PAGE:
Climate Amazons: Patricia Espinosa, good news for Climate Justice

Women should be one of the first points of reference in every discussion concerning matters relating to climate change on account of their central role in society and their greater vulnerability. However, in the international debate women are not represented in a manner proportionate to the risks they would be exposed to in the event of an environmental disaster. In the run-up to the 22nd session of the Conference of the Parties (COP22) to the United Nations Framework Convention on Climate Change (UNFCCC) it is therefore important to present the work of female diplomatic representatives or local activists who are achieving outstanding results in the field of climate justice.

Patricia Espinosa (58), a Mexican diplomat, is the new Executive Secretary of the UNFCCC, the treaty which every year constitutes a fundamental area of work carried out by the COP, which was held in Paris in 2015 (COP21) and will be held at Marrakesh in Morocco in 2016 (COP22)

On 18 May 2016, UN Secretary General Ban Ki-Moon appointed Patricia Espinosa to replace the Costa Rican Christiana Figueres, who resigned after two mandates that were crowned by the achievement of the Paris agreement: the first to occur with a truly global level of participation.
It is significant that this office was once again assigned to a woman and in particular to a diplomat from Central America, bearing witness to the pioneering role of Latin America with respect to environmental issues and, in particular, considering the proposal made by the Bolivian President Morales in 2009 for the establishment of a climate-justice tribunal within the UN system.
In 1996 Espinosa gained worldwide acclaim on account of the decisive role that she played in the development of the so-called Beijing Platform for Action, the final act of the Fourth World Conference on Women organized by the United Nations. Another crucial moment in her diplomatic career was her appointment as President of COP16, held in Cancun in Mexico in 2010, a role conventionally assigned to a representative of the host country. In this case, the decision was certainly justified by her previous experience with environmental issues and human rights issues.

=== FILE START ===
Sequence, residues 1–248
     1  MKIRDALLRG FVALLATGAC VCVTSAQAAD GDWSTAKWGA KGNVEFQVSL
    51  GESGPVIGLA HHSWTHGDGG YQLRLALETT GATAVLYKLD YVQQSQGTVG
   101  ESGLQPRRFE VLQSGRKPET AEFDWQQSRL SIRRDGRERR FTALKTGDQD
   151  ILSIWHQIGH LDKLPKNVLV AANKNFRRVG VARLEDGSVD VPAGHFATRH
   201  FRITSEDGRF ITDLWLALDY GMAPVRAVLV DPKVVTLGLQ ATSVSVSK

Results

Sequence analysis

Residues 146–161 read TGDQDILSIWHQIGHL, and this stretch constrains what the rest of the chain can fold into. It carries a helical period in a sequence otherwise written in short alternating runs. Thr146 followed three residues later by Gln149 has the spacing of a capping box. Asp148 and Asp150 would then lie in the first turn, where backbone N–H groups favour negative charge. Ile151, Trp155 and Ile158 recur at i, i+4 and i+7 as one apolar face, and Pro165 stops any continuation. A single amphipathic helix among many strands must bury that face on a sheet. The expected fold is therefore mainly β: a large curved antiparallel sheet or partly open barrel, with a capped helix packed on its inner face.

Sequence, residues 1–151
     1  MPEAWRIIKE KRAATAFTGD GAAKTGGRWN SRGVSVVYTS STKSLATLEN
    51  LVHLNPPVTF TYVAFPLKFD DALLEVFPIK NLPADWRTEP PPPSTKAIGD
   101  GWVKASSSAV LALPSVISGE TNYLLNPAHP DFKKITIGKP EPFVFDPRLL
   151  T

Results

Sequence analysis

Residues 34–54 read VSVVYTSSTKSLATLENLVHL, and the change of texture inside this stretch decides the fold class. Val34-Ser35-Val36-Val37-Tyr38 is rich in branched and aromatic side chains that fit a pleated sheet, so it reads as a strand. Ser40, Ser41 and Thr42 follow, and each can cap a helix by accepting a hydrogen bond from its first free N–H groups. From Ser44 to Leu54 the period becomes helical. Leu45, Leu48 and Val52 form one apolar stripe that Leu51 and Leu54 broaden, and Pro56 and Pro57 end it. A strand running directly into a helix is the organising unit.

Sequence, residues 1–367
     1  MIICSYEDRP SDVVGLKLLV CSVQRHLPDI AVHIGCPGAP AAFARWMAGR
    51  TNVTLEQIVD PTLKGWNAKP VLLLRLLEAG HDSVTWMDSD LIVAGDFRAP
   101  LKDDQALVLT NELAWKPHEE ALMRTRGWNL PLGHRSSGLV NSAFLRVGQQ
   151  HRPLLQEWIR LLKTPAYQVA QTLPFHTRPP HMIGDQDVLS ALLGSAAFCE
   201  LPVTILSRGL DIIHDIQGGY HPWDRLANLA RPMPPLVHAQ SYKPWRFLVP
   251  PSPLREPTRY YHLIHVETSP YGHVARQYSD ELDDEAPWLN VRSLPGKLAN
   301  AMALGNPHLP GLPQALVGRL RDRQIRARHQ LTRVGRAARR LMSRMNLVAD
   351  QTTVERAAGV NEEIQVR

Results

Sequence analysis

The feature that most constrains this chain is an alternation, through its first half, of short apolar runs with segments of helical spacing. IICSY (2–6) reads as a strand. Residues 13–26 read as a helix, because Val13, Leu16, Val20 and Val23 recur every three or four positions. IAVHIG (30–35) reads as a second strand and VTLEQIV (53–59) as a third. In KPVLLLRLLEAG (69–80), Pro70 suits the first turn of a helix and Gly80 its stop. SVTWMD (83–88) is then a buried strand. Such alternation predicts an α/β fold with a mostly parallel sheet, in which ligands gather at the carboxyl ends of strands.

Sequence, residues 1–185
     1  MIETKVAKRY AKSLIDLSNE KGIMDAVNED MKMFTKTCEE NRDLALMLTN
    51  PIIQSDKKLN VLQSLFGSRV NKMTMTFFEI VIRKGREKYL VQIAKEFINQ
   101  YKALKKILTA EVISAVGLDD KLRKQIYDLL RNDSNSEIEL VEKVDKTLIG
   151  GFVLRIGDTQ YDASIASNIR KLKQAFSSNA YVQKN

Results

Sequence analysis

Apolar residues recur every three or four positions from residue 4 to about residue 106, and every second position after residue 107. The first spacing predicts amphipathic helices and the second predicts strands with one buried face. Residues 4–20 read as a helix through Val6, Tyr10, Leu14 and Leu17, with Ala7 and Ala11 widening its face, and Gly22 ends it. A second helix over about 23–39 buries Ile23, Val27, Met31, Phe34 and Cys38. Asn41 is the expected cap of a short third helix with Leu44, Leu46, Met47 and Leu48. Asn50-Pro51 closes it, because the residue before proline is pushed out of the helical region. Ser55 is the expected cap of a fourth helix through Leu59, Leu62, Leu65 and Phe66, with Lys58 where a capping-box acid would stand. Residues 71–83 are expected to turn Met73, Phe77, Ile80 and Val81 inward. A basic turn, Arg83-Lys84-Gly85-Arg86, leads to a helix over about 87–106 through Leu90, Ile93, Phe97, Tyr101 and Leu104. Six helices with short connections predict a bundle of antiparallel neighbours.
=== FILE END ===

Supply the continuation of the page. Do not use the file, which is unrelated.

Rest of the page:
The appointment of Espinosa to the Secretariat General of the COP22 is definitely good news for the supporters of climate justice. A tireless promoter of multilateralism as a means for development, she is one of the most influential figures in the international debate on climate change.
Espinosa’s position is based on the principle of sharing climate responsibility.
This requires cooperation between developing and industrialized countries, with each nation intervening in a manner commensurate with its role, and supporting the actions required to surmount the problem of climate change. The process moreover stems from the principle of free access to financial and technological resources necessary to achieve such a result.
In other words, climate justice must be seen as an integral part of each model of sustainable development because of its fundamental implications in terms of human rights.
More specifically, since 2013 Espinosa has covered an advisory role within the sphere of Climate Justice Dialogue, an initiative of the World Resources Institute – one of the most important non-governmental institutions in the field of research regarding the environment and development – and of the Mary Robinson Foundation-Climate Justice, more specifically dedicated to humanitarian and environmental advocacy. The Advisory Committee of the project is formed by 23 international leaders involved in the fight against climate change (occurring on several fronts, from science to policy), including academics, businessmen and public figures.
Their experience and influence constitute great advantages for the project to promote at all levels principles relating to climate justice. Espinosa is one of the most prominent names on the Committee and has been instrumental in the drafting of the Declaration on Climate Justice, the document that calls world leaders to take action and lay the foundations for a more equitable future.

With regard to the upcoming COP22 at Marrakesh, many expectations are nurtured by society, which trusts that substantial steps forward will be made with respect to the significant results obtained in Paris.
These hopes are also fuelled by the fact that the new Secretary General of the UNFCCC – the person standing as a guarantor for long-term climate diplomacy – is Patricia Espinosa, a woman of unquestionable integrity and humanity entirely dedicated to the cause of climate justice.

Chiara Soletti

Published for Italian Climate Network on Il Fatto Quotidiano